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What PhD Graduate Students are Assumed to Know

Below are listed basic topics from various areas of mathematics. The first-year graduate courses in the Department are predicated on the assumption that all entering Ph.D. students are familiar with all these topics. As a practical matter, the Department knows that this will not be the case – every student will have gaps in his or her background. The Department strongly encourages every entering student, in the summer before his or her first year, to go over these topics, using the listed references or other equivalent books, and review (or learn) this material.

Linear Algebra: Finite dimensional vector spaces (over R) and linear maps between them – subspaces, quotient spaces, dimension, bases, matrix representations. Positive definite inner products, orthonormal bases, extensions of orthonormal subsets. Eigenvalues and eigenvectors for automorphisms. Characteristic polynomial.

References: M. Artin, ‘Algebra‘ (Prentice Hall, 1991), Chapters 1,3,4
K. Hoffman and R. Kunze, ‘Linear Algebra‘, Chapters 1-6, (Prentice-Hall, 1971).

Abstract Algebra: Definitions of groups, rings, fields, and modules over a ring. Homomorphisms of these objects. Subgroups, normal subgroups, quotient groups. Cyclic groups, finite abelian groups (structure theorem). Ideals, prime and maximal and their quotients — basic examples Z, k[X], rings of algebraic integers. Field extensions, splitting fields of polynomials, normal extensions.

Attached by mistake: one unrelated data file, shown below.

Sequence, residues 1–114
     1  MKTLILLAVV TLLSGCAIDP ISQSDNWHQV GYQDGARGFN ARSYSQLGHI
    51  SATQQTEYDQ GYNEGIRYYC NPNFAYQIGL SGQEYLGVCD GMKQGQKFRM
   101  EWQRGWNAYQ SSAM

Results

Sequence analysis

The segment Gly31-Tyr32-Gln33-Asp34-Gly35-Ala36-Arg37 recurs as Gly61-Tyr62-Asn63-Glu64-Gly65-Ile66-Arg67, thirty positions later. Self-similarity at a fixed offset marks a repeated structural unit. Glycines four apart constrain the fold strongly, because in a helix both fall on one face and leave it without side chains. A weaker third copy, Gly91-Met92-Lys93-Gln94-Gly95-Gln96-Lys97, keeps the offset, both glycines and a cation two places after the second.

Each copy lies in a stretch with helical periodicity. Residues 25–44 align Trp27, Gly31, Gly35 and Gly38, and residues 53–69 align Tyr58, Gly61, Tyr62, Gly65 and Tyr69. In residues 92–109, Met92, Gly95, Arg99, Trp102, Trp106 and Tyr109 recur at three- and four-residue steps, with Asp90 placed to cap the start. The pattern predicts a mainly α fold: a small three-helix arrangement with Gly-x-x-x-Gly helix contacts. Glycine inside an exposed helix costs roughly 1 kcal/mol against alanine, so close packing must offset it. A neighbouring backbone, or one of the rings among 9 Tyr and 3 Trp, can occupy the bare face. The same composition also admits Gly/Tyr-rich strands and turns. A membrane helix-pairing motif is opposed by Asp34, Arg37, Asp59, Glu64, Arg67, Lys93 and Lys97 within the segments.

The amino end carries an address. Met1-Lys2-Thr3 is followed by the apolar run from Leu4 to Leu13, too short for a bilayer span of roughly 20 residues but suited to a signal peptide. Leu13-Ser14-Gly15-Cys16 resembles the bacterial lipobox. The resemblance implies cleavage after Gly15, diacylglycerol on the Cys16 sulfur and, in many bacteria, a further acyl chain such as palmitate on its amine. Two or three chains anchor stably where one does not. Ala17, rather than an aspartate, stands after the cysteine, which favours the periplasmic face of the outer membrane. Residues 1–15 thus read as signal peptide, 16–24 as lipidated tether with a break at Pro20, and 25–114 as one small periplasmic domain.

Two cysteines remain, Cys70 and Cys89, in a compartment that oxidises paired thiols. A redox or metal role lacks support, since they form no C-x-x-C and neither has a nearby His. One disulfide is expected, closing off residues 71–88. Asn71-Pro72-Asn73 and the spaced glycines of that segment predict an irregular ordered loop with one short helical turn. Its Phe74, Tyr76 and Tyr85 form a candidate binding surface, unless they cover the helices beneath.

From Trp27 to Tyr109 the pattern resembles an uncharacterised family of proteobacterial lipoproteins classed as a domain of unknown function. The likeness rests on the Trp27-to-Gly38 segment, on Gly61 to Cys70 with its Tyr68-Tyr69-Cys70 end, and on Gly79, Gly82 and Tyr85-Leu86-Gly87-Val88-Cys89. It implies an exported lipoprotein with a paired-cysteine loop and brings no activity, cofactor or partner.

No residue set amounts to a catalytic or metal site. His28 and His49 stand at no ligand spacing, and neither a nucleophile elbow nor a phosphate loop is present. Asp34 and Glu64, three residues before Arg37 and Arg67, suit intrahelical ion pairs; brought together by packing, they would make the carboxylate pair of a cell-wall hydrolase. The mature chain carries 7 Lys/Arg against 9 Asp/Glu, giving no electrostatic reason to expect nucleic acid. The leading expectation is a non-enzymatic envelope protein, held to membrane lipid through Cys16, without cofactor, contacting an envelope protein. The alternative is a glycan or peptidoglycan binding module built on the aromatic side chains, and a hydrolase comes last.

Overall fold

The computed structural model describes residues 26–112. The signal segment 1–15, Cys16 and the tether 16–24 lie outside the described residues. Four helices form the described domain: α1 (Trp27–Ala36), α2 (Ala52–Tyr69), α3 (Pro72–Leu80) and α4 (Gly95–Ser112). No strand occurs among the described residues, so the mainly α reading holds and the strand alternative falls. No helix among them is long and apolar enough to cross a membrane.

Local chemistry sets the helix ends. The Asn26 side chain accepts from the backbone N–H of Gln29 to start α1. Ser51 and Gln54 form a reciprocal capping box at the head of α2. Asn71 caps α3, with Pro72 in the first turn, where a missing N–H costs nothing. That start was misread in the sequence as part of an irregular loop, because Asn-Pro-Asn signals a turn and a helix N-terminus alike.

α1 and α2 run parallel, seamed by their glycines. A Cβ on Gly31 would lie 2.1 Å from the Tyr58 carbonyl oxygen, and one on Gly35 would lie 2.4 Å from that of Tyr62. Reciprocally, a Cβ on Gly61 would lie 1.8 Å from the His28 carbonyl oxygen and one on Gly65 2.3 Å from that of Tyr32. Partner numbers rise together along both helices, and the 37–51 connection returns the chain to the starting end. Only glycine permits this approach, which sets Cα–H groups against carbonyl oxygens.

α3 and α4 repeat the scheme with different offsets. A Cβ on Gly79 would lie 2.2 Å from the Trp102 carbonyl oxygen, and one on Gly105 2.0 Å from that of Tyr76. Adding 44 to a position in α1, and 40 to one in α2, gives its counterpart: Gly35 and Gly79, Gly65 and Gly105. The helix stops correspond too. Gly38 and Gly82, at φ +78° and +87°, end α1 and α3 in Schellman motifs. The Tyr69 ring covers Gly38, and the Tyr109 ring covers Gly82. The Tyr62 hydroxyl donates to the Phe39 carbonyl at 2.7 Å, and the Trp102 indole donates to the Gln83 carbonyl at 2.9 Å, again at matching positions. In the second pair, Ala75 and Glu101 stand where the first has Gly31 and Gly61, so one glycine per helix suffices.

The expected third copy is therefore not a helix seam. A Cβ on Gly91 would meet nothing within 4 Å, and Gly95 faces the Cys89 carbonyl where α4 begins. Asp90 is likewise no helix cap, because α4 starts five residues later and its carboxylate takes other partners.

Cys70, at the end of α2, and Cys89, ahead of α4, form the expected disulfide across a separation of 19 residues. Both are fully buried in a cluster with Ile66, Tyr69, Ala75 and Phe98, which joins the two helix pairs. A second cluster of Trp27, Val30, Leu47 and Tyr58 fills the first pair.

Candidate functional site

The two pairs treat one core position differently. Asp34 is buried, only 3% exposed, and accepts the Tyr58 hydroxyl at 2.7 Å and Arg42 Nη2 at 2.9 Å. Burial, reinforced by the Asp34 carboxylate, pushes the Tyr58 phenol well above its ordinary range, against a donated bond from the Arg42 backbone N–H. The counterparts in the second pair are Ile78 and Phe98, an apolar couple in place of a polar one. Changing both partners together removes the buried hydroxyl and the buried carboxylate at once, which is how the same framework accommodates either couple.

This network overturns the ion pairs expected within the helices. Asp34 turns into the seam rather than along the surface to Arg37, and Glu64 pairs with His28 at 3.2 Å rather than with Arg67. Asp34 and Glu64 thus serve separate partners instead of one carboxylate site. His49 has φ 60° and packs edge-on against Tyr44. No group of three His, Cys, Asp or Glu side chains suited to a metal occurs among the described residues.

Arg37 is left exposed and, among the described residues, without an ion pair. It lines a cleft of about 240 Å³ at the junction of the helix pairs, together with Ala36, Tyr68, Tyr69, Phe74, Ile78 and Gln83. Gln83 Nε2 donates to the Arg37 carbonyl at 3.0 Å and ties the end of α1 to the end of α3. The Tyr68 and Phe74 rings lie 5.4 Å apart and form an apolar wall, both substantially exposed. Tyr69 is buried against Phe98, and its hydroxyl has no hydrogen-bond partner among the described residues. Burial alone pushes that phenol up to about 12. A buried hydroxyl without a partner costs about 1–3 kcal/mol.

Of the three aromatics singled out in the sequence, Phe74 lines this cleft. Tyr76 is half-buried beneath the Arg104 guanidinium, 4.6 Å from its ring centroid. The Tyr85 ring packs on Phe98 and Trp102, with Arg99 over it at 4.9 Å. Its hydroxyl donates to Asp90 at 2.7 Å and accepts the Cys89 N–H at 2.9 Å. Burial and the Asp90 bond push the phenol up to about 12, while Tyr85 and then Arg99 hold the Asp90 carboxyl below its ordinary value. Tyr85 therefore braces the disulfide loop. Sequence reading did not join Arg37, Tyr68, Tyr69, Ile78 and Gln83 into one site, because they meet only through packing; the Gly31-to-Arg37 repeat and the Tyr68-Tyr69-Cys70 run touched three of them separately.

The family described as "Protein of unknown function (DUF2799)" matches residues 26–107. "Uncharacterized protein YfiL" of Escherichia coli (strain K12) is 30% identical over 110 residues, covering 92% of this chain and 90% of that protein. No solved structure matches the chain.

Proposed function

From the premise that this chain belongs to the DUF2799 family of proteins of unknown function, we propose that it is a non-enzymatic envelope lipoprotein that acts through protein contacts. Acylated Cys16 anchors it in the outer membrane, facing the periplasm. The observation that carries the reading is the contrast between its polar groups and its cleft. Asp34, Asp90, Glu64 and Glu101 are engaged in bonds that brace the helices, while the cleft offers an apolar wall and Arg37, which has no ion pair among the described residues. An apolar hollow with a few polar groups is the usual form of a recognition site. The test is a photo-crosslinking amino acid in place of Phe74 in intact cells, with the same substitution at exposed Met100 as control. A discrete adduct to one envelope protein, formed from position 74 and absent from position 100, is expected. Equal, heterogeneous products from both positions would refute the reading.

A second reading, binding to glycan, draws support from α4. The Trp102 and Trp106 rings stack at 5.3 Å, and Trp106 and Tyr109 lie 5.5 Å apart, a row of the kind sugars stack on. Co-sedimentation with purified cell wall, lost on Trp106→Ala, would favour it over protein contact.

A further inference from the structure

References: M. Artin, ‘Algebra‘, Chapters 2, 10, 11, 12, 13, 14
I. Herstein, ‘Topics in Algebra‘ (Blaisdell Publishers, 1964).

Point-set Topology
: Open and closed sets, continuous functions. Connectedness, compactness, Hausdorff, normality. Metric spaces, Rn. Heine-Borel theorem.

Reference: J. Munkres, ‘Topology, A First Course‘, Part I (Prentice-Hall).

Calculus: Differential of a smoothing mapping between open subsets in Euclidean spaces. Matrix of partial derivatives. Inverse and implicit functions. Multivariable Riemann integration.

References: W. Rudin, ‘Principles of Mathematical Analysis‘ (McGraw-Hill, 1964)
A. Browder, ‘Mathematical Analysis: An Introduction‘ (Springer, 1996).

Complex Analysis
: Definition of holomorphic functions, Cauchy integral formula, power series representations of holomorphic functions, radius of convergence, meromorphic functions, residues.

Reference: L. Ahlfors, ‘Complex Analysis‘, (McGraw-Hill, 1973), Chapters 1- 5.

Real Analysis
: A thorough working knowledge of advanced calculus, at the level of the books of W. Rudin or A. Browder as listed under Calculus. Additional topics: Pointwise uniform convergence of functions, equi-continuity, l2, L2(S1), Hilbert spaces, orthonormal bases.

Other Introductory Material

For those entering students whose backgrounds are strong and who wish to do reading before entering graduate school to enrich their knowledge of mathematics the Department suggests the following books. The Department considers each of these to be a well-written introduction which conveys the flavor of the subject. Looking at these books may help give a feeling for various subspecialities within mathematics.

  • L. Ahlfors, ‘Complex Analysis‘ (McGraw-Hill, 1973).
  • V. Arnold, ‘Ordinary Differential Equations‘ (MIT Press)
  • M. Artin, ‘Algebra‘ (Prentice Hall, 1991)
  • F. Kirwan, ‘Complex Algebraic Curves‘, London Mathematical Series Student Texts 23 (Cambridge, 1992).
  • W. Massey, ‘A Basic Course in Algebraic Topology‘ Graduate Texts in Mathematics Vol. 127 (Springer-Verlag, 1991).
  • J. Milnor, ‘Topology from the Differentiable Viewpoint
  • S. Ross, ‘A First Course in Probability‘ (5th edition, Prentice-Hall, 1997).
  • W. Rudin, ‘Real and Complex Analysis
  • J-P. Serre, ‘A course in Arithmetic
  • J-P. Serre, ‘Linear Representations of Finite Groups
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